Day 4: Rest Day to recover and to take photos around Osa Eden 

Day 5: An Offshore Tunafest After precuring our bait for the day, we had the report of Yellowfin tuna being sighted offshore about 10 miles from Matapolo Rock. Just as we took off to head offshore, I saw out of the corner of my eye a whale that had come up for air.  We turned the boat quickly and had the privilege of slowly cruising behind a Mother Blue Whale and her calf just as Mom was nursing.  

The most amazing photo was not of the whales breaching or their tails coming out of the water but it was of the Mother Whale’s MASSIVE blow holes that were briefly exposed as she took in air before her next dive. As we then left the whales alone to continue their nursing, it took us about 40 minutes to arrive at the Tuna school. 

Running out against a stiff headwind, when we did arrive, we became spectators to a classic bird, dolphin and tuna massacre. With our first drops and casts, we immediately hooked up with two big fish on both a topwater plug and live bait. At one point after we landed three fish in the 40 to 60 pound class, 

Mike and I were both hooked up and Cory decides to do something really stupid… He casts a popper from a spinning rod into the middle of the bait ball frenzy and sure enough, he hooks up with another monster (he just couldn’t resist the temptation).  Now there were three of us running around the boat in different directions doing the “over under – around and through three step” in an attempt to keep our lines from crossing and breaking off each other’s fish. 

Somehow, we managed to land all three fish that came in around 50, 60 and 70 pounds respectively. After we got all three aboard, I made another cast and witnessed a true monster come up and massacre my topwater popper.  It probably was a Yellowfin in the 150-pound class and I was relieved that I didn’t actually hook it – so I could avoid the subsequent three hour sufferfest that surely would have followed.  

Lucky for me, the beast managed to rip the front treble hook completely off my topwater popper and thus lived to torture another angler on another day. All total, the offshore count was 11 Yellowfin landed including four that were released. 

Whereas we could have stayed there all afternoon and caught a ridiculous number of trophy Yellowfin, we decided to head back inshore and try to get mike hooked up to a prize Roosterfish along my favorite section of beach located just in front of the Iguana Lodge. 

Once again, Captain Cory had our favorite spot produce as Mike finished the day landing a beautiful Rooster in the 20-pound class. It was really special for me to participate with Mike as these two days on the water with Cory were both the best fishing experiences of his life.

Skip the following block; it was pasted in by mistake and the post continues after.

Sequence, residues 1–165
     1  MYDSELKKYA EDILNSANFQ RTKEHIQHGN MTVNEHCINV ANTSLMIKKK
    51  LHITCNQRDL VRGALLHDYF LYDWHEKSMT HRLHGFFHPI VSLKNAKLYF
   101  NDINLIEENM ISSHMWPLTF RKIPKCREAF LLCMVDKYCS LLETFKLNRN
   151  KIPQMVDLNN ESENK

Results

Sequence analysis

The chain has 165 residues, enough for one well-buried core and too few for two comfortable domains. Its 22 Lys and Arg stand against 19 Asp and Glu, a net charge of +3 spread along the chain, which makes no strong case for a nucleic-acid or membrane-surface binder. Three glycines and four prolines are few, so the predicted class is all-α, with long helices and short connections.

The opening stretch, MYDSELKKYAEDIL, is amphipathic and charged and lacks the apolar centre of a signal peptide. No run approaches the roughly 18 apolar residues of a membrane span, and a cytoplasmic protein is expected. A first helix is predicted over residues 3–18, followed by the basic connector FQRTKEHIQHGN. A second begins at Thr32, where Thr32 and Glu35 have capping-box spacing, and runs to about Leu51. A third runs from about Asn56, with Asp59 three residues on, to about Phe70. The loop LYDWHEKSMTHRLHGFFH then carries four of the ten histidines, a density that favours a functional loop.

Day 6: Kayak Fishing with Captain Tosh 

Of course, I went public to put pressure on Tosh to achieve the ultimate goal kayak fishing and that was to catch and document close up photos of a trophy Roosterfish in the surf along the beach. After securing some bait behind “Spit or Swallow” from Texas (I know, you can’t make this up), 

Mike was first to get hooked up with what turned out to be a 30-pound class Jack that towed he and Tosh around the gulf for about 45 minutes. I then hooked up with something really big that proceeded to immediately break another one of my St. Croix spinning rods (I think I’ve now managed to break 7). 

Unfortunately, I lost the fish but just then, Mike hooked into another big fish that actually took him close to the beach along the north section of Crocodile Bay. 

We beached the Kayaks and Mike fought the fish for quite a while before we finally had it close enough to see that it was a Jack in the 20-pound class. Just as we completed the photography session with Mike’s fish, Tosh decided to cast a live moonfish about 25 Ft from shore (at the abrupt edge of the drop off) and sure enough, something devours it and speeds off out to the middle of the bay. 

I grab the rod and based upon the initial high-speed run conclude that it can only be a Roosterfish and as I fought the fish for quite a while, it clearly didn’t want to come into the shallow water between the drop off ledge and shore. 

After the fish finally comes in “within guide range,” it was really-really hot and after three attempts, Tosh managed to do a classic “rodeo-grab hold” of the tail. Once the fish finally calmed down, we were able to get some really fine close-up portraits before we released it for the opportunity to treat another angler. Mission accomplished as we managed to achieve the lofty goal of landing a Roosterfish on the beach for some classic “in the water” photos. 

A few parting shots… Mike, now known in Costa Rica as “El Orkin” because of his photography skills in capturing Bug photos, managed to take this close-up shot of an exceptionally strong Leafcutter Ant as he was showing off hiking back to the nest with a buddy on board. 

Given that we only had 8 days on the Osa, we packed in as much outdoor adventures as our aging bodies would allow.               

Final Shot… This photo is a classic beach scene from Carate where at this time of year there tends to be more cloud cover and as a result, cooler temperatures and better photography opportunities 😊. 

NOTE – ALSO THAT THERE ARE NO PEOPLE FOR MILES ANYWHERE (which is very typical). Much more to follow as Katie and I gear up for another cross-country trip in our RV from August 9th to 30th. 

As Always, Plan your trips… 

T.O.